The changes in the rhizosphere environment also affect plant ionomes. Among them, the effects of nutrient status in rhizosphere on plant ionome have been studied well. Tomasi et al. (2014) reported that the recovery of Fe deficiency by the Fe-humic substance complexes was accompanied by the enhancement of other cationic nutrients accumulation and allocation into leaves. Likewise, Pii et al. (2015) examined the ionomic responses to Fe deficiency in different crop species under different growth conditions, hydroponic and soil conditions, and suggested that the ionome profile can be useful for the diagnosis of plant physiological and nutritional statuses. They also pointed out the importance of studying processes and mechanisms governing nutrient availability in soil conditions. In a field study, Hejcman et al. (2013) reported that long-term (56 years) fertilizer treatment (no fertilizer, chemical fertilizer, and chemical fertilizer with organic matter) changed the properties of available elements in soils but did not significantly affect the concentration of minerals in barley grains except the three major nutrients and Fe. Gunes et al. (2008; 2009) applied polarized energy dispersive x-ray fluorescence to examine the effect of sulfur application on the shoot ionome in maize and alfalfa grown in the field, and found that concentration of various essential and nonessential elements was changed by the sulfur application. White et al. (2012) analyzed the shoot ionome of herbage (21 plant species representing seven plant families) from six subplots of the Rothamsted Park Grass Experiment. Subplots had received contrasting fertilizer treatments [different application rates of N, P, K, sodium (Na), and magnesium (Mg)] since 1856. They observed that shoot ionomes were relatively sensitive to fertilizer treatment, whereas the phylogenetic variation in a subset of the shoot ionome [calcium (Ca), Zn, Mn, and Mg] was robust to fertilizer treatment.

Thus, nutrient deficiency may change mineral balances in plants. Also, fertilization can change mineral balances in soil indirectly affecting plant mineral accumulation. However, almost no experimental work has been reported on studying the effect of incomplete fertilization on both plant and soil ionome profiles comprehensively under field conditions. In the present study, we applied ionomics to examine the effect of long-term nonapplication of one or all the three major nutrients on mineral dynamics in plants and soil in which the plants were grown. Furthermore, we tried to identify hitherto unknown interactions between nutrient deficiency and the ionome, which would give new implications for plant responses to nutrient deficiency.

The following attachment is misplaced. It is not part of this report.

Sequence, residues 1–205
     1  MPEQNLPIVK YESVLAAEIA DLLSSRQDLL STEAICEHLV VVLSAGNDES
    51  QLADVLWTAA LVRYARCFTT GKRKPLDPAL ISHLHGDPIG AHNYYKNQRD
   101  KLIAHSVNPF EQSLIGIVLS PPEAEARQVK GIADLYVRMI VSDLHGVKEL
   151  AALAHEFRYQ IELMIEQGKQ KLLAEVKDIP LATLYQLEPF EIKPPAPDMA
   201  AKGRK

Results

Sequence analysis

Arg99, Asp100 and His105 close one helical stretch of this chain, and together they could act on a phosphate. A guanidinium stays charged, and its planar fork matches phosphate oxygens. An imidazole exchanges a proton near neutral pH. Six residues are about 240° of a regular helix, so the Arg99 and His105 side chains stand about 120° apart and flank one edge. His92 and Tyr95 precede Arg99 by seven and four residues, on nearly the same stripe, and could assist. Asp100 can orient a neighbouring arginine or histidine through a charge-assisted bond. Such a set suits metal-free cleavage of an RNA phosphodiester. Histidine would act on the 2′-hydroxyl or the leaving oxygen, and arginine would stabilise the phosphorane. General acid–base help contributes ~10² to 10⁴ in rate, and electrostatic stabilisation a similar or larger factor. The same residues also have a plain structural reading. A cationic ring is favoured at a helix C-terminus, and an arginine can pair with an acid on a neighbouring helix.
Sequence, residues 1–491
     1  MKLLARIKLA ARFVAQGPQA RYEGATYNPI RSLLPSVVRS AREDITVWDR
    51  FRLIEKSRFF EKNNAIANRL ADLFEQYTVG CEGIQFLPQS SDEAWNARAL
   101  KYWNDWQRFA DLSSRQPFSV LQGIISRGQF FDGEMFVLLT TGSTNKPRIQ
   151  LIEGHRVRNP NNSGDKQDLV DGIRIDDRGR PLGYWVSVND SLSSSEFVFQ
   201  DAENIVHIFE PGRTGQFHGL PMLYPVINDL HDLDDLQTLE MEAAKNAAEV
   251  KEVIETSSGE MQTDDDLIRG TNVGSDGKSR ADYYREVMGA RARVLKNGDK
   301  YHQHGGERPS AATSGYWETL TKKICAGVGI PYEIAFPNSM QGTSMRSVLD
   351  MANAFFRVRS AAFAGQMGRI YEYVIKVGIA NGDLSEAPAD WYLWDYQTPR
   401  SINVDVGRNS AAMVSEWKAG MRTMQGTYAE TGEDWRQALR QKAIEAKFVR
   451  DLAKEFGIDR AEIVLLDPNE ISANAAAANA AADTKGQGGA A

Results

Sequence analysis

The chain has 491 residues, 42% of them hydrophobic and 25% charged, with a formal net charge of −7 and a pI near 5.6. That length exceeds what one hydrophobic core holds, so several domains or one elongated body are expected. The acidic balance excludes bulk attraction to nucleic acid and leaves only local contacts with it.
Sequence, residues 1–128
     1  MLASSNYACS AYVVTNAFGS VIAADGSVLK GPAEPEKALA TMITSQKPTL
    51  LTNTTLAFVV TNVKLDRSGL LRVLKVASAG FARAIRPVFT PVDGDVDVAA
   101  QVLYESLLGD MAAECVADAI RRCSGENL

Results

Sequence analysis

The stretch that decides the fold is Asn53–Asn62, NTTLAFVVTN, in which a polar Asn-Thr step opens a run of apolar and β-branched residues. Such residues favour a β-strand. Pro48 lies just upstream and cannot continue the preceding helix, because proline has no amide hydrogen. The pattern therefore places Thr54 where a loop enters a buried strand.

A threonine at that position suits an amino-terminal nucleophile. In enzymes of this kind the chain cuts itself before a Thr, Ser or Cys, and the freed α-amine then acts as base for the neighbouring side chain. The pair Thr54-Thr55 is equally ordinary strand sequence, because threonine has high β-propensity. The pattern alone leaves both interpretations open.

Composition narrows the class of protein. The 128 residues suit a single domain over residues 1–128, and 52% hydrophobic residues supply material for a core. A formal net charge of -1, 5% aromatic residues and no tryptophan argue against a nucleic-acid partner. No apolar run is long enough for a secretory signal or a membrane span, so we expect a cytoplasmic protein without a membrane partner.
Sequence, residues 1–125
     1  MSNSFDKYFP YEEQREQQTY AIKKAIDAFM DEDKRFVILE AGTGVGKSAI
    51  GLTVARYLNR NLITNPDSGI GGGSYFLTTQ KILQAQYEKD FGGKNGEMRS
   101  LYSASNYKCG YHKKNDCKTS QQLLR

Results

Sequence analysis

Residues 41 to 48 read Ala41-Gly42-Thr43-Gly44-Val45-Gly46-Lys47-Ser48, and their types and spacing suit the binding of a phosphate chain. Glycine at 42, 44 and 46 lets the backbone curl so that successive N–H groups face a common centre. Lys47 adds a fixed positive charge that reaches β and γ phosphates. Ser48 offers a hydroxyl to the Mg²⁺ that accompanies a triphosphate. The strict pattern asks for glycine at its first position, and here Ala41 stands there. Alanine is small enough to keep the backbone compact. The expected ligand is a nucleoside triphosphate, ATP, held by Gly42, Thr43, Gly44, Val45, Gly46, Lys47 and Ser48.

In 2009, maize (Zea mays L. cv. Yumeno-corn) was cultivated in the long-term fertilizer experimental field. This field was established in 1914, and five fertilizer treatments, complete fertilization (+NPK), without N (−N), without P (−P), without K (−K), and no fertilization (−NPK, started in 1921), have been continuously applied for 95 years. The cultivation history of the field is described in Additional file 1: Table S1. N, P, and K fertilizers were applied as ammonium sulfate, superphosphate, and potassium sulfate, respectively (100 kg N, P2O5, K2O ha−1), once before sowing. Each plot was 5.25 × 18.5 m in size, and the soil type was classified as a brown lowland soil (Haplic Fluvisols). General properties of the field soils were shown elsewhere (Cheng et al. 2013). Seeds of maize were sown on May 27 and plant shoots (leaf, stem, ear, and flower) were sampled on July 23 at the early flowering stage with 3 replications from at least 3 plants each. The row and hill spacing was 50 × 50 cm. After determination of fresh weight of shoots, leaves were separated from shoots, dried in an oven at 70 °C for 72 h, weighed, and ground with a vibrating sample mill (TI-100; CMT, Saitama, Japan) for mineral analysis. Soil samples were collected with 3 replications after harvest (September 18) from at least 5 points each (0–15 cm) and mixed in each replication. Although plant and soil samples were collected at different times because of various reasons in cultivation, seasonal variations in available concentration of minerals, except for N, P and K, in soils were negligible (data not shown). Soil samples were dried at room temperature and passed through a sieve with round holes of 2-mm diameter for mineral analysis.